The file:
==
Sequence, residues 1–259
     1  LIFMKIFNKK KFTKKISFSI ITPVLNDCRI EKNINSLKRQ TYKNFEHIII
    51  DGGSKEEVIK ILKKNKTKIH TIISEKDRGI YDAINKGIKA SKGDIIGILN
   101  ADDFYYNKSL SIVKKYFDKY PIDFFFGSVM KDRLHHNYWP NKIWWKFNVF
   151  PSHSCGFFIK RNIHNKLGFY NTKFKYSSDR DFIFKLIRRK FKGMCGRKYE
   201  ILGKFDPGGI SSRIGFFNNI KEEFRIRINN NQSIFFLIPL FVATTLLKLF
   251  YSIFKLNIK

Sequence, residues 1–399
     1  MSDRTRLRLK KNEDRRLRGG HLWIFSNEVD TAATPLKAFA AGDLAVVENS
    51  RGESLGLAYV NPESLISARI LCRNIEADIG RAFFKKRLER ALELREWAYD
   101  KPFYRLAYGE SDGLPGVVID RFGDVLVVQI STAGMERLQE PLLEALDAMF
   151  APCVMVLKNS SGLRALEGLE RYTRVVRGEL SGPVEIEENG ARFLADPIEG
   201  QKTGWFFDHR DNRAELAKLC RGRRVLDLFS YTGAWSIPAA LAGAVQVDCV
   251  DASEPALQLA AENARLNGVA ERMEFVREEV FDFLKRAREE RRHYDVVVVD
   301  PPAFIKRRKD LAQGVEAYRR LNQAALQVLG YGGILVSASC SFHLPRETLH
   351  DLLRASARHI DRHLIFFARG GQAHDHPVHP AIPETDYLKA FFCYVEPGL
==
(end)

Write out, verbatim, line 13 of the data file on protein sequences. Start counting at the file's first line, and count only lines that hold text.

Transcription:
   201  QKTGWFFDHR DNRAELAKLC RGRRVLDLFS YTGAWSIPAA LAGAVQVDCV